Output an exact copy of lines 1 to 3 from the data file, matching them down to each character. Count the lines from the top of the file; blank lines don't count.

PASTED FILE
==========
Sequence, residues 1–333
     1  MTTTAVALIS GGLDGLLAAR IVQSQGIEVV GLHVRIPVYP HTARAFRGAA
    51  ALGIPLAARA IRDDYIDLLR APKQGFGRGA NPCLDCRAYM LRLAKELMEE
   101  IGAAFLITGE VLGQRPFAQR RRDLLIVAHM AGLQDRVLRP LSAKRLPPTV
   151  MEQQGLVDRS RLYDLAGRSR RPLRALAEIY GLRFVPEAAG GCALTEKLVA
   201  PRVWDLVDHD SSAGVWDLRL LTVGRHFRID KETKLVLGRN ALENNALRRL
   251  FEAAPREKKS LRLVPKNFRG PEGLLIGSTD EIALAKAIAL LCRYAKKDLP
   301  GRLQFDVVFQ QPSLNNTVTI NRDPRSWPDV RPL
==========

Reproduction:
Sequence, residues 1–333
     1  MTTTAVALIS GGLDGLLAAR IVQSQGIEVV GLHVRIPVYP HTARAFRGAA
    51  ALGIPLAARA IRDDYIDLLR APKQGFGRGA NPCLDCRAYM LRLAKELMEE